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Renewables First

Renewable Energy Survives Tumultuous Year

March 2021 Blog Title

Every year, The Business Council for Sustainable Energy and Bloomberg New Energy Finance team up to highlight the state of renewable energy in the last year. While 2020 wasn’t what anyone expected, it was still a monumental year for the U.S. energy sector.

According to the report, demand for all forms of energy fell in 2020, except renewable energy. Thankfully, the pandemic had little to no impact on construction activity, allowing 2020 to see the highest number of renewable energy installations ever. Over 33.8 GW of new capacity hit the grid, a 61 percent increase from 2019. With these amazing additions, an impressive 40 percent of U.S. power generation was carbon-free, and renewables provided one-fifth of the country’s energy needs.

New clean energy investment was down 11 percent from 2019, yet still accounted for nearly 20 percent of the global total at $85 billion. In fact, global energy investment reached $500 billion for the first time – a nine percent increase from 2019. Wind and solar accounted for 90 percent of all renewable energy investments in 2020.

The U.S. is moving toward a cleaner and brighter energy future as more utilities announce retirements of their coal fleet. About 8 GW of coal came offline in 2020, including the 1,100 MW Coal Creek Station plant in North Dakota and The Columbia Energy Center in Wisconsin.

With wind prices down 70 percent in the last decade and low installation and operation costs, the U.S. continues to expand its wind portfolio. In 2020, 17.1 GW of new wind power was added, representing a $17.7 billion investment, which increased capacity by 85 percent. Half of these new projects were developed in five states: Texas, Iowa, Oklahoma, Wyoming and Illinois. The total amount of wind energy in the U.S. now stands at an impressive 122 GW.

Screenshot_149Source: Sustainable Energy in America Factbook

Solar is also reaching its potential as a low-cost, reliable energy resource. Prices have fallen 90 percent in the last 10 years. Cheap technology costs have helped drive an additional 16.5 GW. U.S. solar investment is at an all-time high, reaching $23.1 billion in 2020. Now, there’s nearly 89 GW of solar energy nationwide!

Source: Sustainable Energy in America Factbook

Energy storage had a monumental year. In February 2018, the Federal Energy Regulatory Commission (FERC) issued Order 841 to create more opportunities for storage to participate in the energy market, and encourage additional storage deployments. Thanks to a decrease in lithium-ion battery pack prices, 2020 was the largest year of energy storage installations across the United States to date. About 878 MW of energy storage projects were commissioned in 2020. Two large projects in California made up 550 MW of this total.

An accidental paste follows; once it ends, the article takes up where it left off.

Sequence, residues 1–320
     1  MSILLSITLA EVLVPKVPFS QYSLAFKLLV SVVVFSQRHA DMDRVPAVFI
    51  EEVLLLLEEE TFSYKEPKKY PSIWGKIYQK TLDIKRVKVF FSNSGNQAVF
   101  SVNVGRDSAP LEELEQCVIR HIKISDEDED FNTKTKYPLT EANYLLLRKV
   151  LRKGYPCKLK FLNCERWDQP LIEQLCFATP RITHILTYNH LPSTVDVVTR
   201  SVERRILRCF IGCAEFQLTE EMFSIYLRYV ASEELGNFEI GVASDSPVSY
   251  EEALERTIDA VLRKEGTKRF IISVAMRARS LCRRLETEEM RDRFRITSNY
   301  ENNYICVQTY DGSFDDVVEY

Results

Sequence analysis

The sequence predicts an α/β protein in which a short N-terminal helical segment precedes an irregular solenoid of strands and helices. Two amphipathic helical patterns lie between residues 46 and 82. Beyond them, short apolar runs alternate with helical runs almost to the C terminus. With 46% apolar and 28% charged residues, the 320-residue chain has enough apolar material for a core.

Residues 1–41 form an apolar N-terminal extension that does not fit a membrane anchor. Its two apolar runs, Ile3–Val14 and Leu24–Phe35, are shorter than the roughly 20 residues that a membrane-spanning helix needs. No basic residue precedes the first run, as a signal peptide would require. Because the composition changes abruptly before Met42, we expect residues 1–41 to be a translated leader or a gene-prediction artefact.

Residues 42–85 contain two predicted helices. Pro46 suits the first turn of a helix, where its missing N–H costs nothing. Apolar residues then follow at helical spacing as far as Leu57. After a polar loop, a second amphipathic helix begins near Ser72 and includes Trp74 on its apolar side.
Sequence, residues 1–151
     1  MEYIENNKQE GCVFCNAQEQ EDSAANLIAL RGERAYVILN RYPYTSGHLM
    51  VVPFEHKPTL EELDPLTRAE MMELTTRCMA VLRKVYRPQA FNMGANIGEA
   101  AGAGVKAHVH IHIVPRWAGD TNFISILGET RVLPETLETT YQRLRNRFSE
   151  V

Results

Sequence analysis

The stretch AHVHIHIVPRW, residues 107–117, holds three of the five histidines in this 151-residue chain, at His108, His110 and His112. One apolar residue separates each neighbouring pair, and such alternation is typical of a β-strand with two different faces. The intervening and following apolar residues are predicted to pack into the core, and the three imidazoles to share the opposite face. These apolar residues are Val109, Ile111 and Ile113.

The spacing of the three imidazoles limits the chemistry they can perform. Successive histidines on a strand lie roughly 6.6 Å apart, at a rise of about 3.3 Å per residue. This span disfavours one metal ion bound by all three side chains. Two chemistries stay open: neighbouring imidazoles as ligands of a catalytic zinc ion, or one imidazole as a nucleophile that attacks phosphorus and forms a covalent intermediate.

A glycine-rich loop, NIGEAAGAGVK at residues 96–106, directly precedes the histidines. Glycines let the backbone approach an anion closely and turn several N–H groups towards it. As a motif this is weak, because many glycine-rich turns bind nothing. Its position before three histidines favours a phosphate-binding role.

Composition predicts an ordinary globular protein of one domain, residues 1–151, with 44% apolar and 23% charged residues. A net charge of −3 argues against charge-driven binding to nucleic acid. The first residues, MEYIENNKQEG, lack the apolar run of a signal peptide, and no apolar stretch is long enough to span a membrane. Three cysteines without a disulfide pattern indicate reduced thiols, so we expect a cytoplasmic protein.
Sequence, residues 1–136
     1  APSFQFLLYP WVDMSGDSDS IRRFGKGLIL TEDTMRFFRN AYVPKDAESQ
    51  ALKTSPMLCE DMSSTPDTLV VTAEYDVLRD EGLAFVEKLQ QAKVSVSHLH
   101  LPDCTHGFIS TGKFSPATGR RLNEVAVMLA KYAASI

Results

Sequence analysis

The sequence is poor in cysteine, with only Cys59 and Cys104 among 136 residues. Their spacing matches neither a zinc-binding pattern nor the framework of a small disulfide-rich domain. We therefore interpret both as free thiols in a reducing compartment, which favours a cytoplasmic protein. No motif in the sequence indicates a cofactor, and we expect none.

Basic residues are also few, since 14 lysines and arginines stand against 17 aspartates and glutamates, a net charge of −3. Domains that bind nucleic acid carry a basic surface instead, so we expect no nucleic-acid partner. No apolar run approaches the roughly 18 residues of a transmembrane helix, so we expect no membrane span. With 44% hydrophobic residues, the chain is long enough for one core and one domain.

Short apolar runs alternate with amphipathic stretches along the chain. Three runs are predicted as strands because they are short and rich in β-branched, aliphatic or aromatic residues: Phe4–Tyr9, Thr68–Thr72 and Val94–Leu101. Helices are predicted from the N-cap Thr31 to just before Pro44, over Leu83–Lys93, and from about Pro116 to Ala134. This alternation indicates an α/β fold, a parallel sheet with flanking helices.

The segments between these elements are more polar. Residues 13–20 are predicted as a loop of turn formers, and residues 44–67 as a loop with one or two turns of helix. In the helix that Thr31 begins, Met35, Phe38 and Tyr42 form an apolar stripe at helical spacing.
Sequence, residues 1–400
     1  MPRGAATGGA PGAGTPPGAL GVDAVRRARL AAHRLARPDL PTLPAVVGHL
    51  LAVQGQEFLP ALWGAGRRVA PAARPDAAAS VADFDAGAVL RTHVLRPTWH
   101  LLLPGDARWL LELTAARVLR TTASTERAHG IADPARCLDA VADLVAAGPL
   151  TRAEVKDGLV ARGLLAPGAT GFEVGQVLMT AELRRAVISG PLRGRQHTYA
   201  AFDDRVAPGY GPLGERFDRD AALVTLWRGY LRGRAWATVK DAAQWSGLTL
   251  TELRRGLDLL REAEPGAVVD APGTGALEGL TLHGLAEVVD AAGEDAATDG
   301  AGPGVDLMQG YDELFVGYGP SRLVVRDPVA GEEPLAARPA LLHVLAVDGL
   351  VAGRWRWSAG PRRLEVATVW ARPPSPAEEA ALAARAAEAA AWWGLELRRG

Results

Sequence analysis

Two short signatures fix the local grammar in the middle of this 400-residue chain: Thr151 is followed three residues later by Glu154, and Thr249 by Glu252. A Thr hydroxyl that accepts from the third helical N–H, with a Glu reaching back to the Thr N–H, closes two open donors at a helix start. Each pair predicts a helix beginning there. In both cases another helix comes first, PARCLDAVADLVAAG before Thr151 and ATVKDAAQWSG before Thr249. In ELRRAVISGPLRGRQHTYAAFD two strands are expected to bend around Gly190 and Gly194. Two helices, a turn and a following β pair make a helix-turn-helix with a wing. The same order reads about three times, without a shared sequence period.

On the policy front, the year ended on a high note with the passage of the Energy Act of 2020, a $900 billion COVID-19 recovery package that could stimulate $34 billion in new spending on decarbonization over the next decade. This legislation also extends key tax credits for renewables, energy efficiency and other clean energy technologies, and authorizes $19 billion for energy research and development over the next 10 years, including $1 billion for energy storage alone.

The report also stressed that investing in transmission is key to renewable development, meeting renewable energy goals and enhancing grid resilience and reliability in case of extreme weather events. New transmission can maximize the value of low-cost, emissions-free wind energy. Additionally, transmission projects deliver significant economic benefits, including jobs, rate savings for customers and millions of dollars in new state and local tax revenue. In response, utilities are ensuring they provide reliable, affordable, clean and safe power for their customers. Investor-owned utilities and independent transmission developers spent a record $23.4 billion on electric transmission in 2019, and transmission investment jumped 12 percent in 2020 to $26.1 billion. American Clean Power Association (ACP) estimates that all new U.S. transmission lines commissioned by 2024 could enable tens of thousands of megawatts of new wind capacity. From 2017-2020, the Midcontinent Independent System Operator (MISO) led the way on new transmission lines across the Midwest, providing access for new wind resources in Iowa, Minnesota, Missouri, Illinois, Wisconsin, North Dakota and South Dakota.

After a challenging year, renewable energy persevered, and powered American homes at the least cost while reducing carbon. U.S. carbon emissions fell 9.2 percent in 2020, and as more companies make carbon reduction pledges, the brighter the future looks.

Renewables first – it’s the smart choice!

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